The company’s VCUs are built to communicate with all the motors, inverters/controllers, DC-DC converters, high-voltage contactors, pre-charge resistors and battery management systems it has validated. That enables engineers in the conversion market to combine different EV powertrain systems and get them to work together to meet their requirements. The VCUs also use OEM safety models to ease validation.
Measurement and control
While precision might be thought of as a good thing in its own right, implying a mantra of ‘more is better’, greater precision of measurement and control is only really necessary in a few specific areas in the EV ECU space.
One of these is where it leads to lower energy losses and therefore greater efficiency in primary traction motor drives, where more precise measurement of current across ranges encompassing mA to kA helps to optimise battery pack performance. Others include drive-by-wire systems and those with higher levels of autonomy.
The position of a torque pedal, for example, has to be measured with great precision and accuracy. It also has to be measured using twintrack potentiometers for a degree of redundancy and inherent self-checking capability by comparing the two output signals.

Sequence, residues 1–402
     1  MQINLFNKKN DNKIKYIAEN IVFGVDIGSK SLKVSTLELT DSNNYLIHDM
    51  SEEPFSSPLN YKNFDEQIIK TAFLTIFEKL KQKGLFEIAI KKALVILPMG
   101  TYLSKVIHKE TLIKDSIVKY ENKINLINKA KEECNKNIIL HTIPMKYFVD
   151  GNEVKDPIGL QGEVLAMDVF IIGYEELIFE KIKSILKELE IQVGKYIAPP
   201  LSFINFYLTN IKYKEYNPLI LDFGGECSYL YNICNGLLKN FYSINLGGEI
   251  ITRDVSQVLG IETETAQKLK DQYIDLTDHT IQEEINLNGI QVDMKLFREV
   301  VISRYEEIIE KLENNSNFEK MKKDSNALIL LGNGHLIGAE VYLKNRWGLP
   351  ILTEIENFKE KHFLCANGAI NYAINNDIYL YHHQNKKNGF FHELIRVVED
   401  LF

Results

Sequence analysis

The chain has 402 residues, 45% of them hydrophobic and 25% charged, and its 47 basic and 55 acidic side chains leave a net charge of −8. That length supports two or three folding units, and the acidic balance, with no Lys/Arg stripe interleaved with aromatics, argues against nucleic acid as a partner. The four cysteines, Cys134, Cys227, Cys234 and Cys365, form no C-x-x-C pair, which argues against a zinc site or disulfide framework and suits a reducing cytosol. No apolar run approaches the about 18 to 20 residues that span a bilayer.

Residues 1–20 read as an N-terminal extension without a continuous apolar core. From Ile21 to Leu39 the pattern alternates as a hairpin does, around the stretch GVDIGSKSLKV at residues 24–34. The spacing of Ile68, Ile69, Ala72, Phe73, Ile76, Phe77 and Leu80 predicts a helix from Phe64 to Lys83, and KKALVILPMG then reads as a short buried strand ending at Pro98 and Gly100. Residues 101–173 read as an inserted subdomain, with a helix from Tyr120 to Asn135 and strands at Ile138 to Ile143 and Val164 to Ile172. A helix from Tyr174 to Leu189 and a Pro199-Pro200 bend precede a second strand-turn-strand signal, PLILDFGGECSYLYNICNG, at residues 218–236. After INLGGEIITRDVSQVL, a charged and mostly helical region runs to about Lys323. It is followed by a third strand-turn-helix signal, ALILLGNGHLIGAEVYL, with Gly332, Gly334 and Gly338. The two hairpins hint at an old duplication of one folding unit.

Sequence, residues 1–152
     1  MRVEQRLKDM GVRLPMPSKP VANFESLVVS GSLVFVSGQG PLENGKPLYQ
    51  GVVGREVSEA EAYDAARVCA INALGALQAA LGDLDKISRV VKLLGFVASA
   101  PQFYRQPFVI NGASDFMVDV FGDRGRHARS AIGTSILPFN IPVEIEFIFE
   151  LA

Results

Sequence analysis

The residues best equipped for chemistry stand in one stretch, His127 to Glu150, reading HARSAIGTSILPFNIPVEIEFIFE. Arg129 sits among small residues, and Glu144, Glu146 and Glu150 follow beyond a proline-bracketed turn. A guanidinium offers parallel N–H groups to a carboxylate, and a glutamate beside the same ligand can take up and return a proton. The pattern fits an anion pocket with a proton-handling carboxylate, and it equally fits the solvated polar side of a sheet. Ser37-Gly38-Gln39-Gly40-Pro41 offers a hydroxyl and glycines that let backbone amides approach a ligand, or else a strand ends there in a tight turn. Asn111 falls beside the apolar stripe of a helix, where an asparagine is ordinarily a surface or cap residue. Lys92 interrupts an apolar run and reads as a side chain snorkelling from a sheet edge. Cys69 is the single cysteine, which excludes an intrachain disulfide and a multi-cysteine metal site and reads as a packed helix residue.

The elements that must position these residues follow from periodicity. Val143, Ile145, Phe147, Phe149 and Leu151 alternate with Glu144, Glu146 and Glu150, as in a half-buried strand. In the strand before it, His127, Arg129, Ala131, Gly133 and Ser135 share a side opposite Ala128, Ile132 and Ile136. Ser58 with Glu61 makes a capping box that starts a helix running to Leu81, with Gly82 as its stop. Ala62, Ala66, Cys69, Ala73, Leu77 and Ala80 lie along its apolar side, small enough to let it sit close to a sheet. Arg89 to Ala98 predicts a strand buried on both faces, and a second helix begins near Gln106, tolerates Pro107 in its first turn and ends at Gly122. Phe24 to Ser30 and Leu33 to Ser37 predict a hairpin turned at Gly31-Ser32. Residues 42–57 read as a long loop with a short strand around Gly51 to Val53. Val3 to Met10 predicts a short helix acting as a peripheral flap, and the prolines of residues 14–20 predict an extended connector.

The increasing speed of electric motors is reflected in higher baud rates over CAN comms systems. This is where greater precision is more relevant, an EV specialist notes, arguing that things that are spinning quickly need to be checked quickly. Autonomous vehicles also need to communicate among more subsystems and process their data more quickly. Memory requirements are also increasing, and that is driving the automotive industry to turn to Ethernet and fibre optics in applications for which CAN is not fast enough.
While vehicle manufacturers’ own VCUs for road-going EV powertrains offer a great deal of precision, our high-performance and conversions specialist believes it is insufficient for these applications, and has proved to be a limiting factor in their growth.